General Process Group Experiential

Description

This two-day process group is devoted to small group teaching primarily in the experiential mode. The secure environment allows for rich cognitive and emotional learning about group processes and about yourself, as well as providing you an opportunity for personal and professional renewal. The group psychotherapy skills gained in this group are important in conducting ANY group, regardless of your theoretical orientation, time parameter or patient population. The group leader will not introduce themes or topics at the outset, but will be curious to explore the here-and-now experiences of group members and the group-as-a-whole. You will be invited to share your thoughts and feelings that arise during our experiential work together. A portion of each session will be didactic. 
 

Learning objectives

-Explain the components of therapeutic here-and-now activation and illumination 
-Select interventions that aid in developing group cohesion for groups early in development
-Identify your own subjective experiences as a group member, and explore those of other participants and the group-as-a-whole experiences.
 
Brief description of your theoretical approach to group leadership 
Yalom-style interpersonal process
 
How does your group/workshop take into consideration viewpoints from diverse populations and cultural locations?
By inviting members to discuss aspects of their identities in the here-and-now with the group.
 
Briefly describe your experience as a group leader
In graduate school I spent five years training to be a process group leader under the supervision of a certified group psychotherapist. I have been independently facilitating multiple general process groups each semester for UMN students since 2013.
 
Briefly describe your experience training others to conduct group treatment
Over the past 10 years I have trained both graduate students and licensed professionals to conduct group psychotherapy.
LynAnne Evenson

Jon Lewis, PhD, LP 

Jon Lewis is a clinical psychologist who currently facilitates groups in adult partial hospitalization program at a local hospital. His group experience spans outpatient, intensive outpatient, and inpatient treatment settings. He is an active member of the American Group Psychotherapy Association (AGPA), and regularly attends their annual national conference. He also completed AGPA's Certified Group Psychotherapists (CGP) training program, and has a strong interest in training group therapists. His clinical interests include attachments concerns, personality pathology, and psychodynamic psychotherapy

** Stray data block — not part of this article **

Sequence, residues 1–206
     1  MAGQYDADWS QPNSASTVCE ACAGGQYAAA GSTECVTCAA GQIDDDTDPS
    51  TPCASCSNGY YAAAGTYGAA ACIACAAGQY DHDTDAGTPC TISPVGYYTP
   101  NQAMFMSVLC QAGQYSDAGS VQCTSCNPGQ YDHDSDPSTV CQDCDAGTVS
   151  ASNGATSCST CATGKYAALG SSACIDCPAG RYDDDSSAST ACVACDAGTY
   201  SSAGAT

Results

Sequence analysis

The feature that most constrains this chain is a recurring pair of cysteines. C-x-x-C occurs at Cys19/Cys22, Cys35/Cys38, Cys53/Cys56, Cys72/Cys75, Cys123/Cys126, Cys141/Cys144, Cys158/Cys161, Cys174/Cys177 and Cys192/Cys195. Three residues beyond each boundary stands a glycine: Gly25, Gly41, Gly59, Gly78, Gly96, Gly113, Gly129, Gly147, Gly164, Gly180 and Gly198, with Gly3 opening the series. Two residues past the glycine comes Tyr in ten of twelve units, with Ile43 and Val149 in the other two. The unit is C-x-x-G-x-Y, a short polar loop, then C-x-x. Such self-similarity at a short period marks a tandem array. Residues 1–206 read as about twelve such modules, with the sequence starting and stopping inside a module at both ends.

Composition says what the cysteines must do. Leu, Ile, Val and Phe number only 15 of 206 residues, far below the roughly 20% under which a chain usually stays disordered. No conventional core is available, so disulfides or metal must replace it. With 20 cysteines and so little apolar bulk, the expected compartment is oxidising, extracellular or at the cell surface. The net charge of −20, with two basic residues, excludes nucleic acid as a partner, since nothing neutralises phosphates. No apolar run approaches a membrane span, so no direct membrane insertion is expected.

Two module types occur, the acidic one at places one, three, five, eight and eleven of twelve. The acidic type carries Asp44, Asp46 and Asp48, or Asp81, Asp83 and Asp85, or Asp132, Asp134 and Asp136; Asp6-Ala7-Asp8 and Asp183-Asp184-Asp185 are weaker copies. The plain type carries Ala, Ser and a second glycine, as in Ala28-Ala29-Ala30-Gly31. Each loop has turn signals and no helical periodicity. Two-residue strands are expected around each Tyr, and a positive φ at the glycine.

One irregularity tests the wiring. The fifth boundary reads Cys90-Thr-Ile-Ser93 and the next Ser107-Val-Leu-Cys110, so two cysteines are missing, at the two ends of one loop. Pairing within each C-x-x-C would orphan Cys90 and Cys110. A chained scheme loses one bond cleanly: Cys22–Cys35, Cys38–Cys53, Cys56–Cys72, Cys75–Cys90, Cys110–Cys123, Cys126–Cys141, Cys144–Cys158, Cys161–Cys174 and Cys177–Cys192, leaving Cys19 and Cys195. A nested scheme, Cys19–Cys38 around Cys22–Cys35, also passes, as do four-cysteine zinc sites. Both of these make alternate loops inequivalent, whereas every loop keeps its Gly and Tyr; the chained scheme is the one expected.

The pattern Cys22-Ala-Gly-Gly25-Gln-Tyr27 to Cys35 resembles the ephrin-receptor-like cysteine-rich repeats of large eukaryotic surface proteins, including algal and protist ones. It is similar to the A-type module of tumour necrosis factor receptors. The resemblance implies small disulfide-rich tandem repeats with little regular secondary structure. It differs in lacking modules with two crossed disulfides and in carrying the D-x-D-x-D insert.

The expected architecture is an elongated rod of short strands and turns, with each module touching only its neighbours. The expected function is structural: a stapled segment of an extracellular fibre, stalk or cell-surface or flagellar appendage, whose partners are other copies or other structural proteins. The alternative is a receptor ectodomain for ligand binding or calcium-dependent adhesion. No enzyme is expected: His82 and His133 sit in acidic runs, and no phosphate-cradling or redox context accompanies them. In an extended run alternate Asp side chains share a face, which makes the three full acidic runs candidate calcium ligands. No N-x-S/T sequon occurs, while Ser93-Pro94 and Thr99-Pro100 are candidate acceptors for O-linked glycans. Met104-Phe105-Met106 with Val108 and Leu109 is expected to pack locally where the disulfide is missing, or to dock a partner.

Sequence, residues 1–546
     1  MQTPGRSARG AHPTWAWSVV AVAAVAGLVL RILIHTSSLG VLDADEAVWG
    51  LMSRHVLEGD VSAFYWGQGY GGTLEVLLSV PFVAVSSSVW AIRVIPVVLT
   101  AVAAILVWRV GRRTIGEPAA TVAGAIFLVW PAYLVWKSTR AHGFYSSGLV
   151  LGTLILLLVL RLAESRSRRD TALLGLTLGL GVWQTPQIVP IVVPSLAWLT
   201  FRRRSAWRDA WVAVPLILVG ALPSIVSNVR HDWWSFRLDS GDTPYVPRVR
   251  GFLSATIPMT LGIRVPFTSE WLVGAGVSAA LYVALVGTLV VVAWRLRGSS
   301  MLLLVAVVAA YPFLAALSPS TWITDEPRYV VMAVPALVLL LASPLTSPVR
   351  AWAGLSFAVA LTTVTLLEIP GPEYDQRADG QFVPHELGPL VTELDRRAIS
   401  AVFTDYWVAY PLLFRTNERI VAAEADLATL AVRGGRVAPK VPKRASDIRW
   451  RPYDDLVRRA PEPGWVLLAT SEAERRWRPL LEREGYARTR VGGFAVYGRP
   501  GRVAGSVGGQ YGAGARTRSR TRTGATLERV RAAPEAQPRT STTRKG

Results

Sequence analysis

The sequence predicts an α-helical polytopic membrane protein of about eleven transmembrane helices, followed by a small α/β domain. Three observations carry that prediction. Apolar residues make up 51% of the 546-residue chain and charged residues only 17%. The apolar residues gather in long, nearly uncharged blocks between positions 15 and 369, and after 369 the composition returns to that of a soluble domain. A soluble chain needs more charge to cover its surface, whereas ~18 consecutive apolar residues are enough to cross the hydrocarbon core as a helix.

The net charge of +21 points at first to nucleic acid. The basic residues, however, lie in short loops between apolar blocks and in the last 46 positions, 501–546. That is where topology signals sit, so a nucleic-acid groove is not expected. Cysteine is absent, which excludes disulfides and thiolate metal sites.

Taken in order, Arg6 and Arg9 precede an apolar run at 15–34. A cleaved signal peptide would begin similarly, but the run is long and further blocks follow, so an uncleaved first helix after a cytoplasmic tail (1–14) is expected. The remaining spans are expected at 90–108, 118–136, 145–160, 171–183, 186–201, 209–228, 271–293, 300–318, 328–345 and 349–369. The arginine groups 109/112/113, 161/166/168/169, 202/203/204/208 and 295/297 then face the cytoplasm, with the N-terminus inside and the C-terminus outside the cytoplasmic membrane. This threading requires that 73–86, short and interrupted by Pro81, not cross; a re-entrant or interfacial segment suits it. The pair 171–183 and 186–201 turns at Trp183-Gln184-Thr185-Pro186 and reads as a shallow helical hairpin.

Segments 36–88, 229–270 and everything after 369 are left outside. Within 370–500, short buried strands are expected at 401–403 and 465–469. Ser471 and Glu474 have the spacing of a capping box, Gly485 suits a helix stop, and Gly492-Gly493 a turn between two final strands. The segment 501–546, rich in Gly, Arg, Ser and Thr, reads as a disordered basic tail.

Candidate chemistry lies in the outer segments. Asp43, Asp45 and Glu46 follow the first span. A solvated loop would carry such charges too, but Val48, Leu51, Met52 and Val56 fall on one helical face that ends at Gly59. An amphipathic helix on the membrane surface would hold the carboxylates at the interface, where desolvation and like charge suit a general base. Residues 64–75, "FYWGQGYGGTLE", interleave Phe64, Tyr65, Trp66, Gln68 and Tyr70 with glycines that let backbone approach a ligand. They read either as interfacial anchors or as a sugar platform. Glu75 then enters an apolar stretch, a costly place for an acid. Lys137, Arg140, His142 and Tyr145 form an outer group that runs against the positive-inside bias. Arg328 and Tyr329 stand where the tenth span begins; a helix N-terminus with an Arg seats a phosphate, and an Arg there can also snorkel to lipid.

Title of Small Group Experiential Training

It's Easier to Ride a Horse When It’s Going In the Right Direction - When to speak, and when to observe, as the group leader

Description

Knowing “how much” or “how little” to talk is a very challenging bind for almost all group therapists (especially beginners!). As such, this Small Group Experiential will be focused on participating and identifying the various stages of group formation, with an ensuing discussion of ways in which the group leader can help foster group connection, and ways in which the group leader can hinder connection or “get in the way” of group formation and pursuance of group goals.
 

Learning objectives

Participants will be able to:
1. Identify the “felt” experience of a group moving in-and-out of group development stages, and how group leader interventions affect this movement
2. Discern certain types of interventions that will move members towards or away from one another
3. Identify client resistances that inhibit group development
4. Identify leader-specific behavior that can help or hinder the progression of a group.
 
Brief description of your theoretical approach to group leadership 
Interpersonal, group-as-a-whole
 
How does your group/workshop take into consideration viewpoints from diverse populations and cultural locations?
As a group leader, I value taking the time to understand individual clients’ (and the group-as-a-whole’s) cultural experiences in an open and humble manner by inviting them to discuss how our cultural differences affects cohesion and safety within the group. As group leaders, I believe it is imperative that we attend to how our demographics affect clients and patients in ways that we not only often misunderstand, but those that are often outside of our vision. Though recognizing my privileged societal status can be difficult and leave me feeling vulnerable as a group leader, only then can I reach a new level of compassion and empathy that helps me relate to my clients in a deep and authentic way.
 
Briefly describe your experience as a group leader
I have conducted group psychotherapy in a wide variety of treatment settings such as inpatient units, partial hospitalization programs, and intensive outpatient programs. Although most of my group experience lies in relational-process groups, I also have experience with structured psychoeducational (e.g., DBT, ACT) groups. I continue to attend the American Group Psychotherapy Association annual meetings, part of which involved completion the AGPA Certified Group Psychotherapist certification course.
 
Briefly describe your experience training others to conduct group treatment
My primary group training/supervisory experiences have been supervising pre-doctoral interns and practicum students on the theory and practice of group therapy.

Additional Small Group Experiential Training offerings will be posted here soon!

Workshops (90 minutes on Saturday afternoon)

Information on our workshops is coming soon...!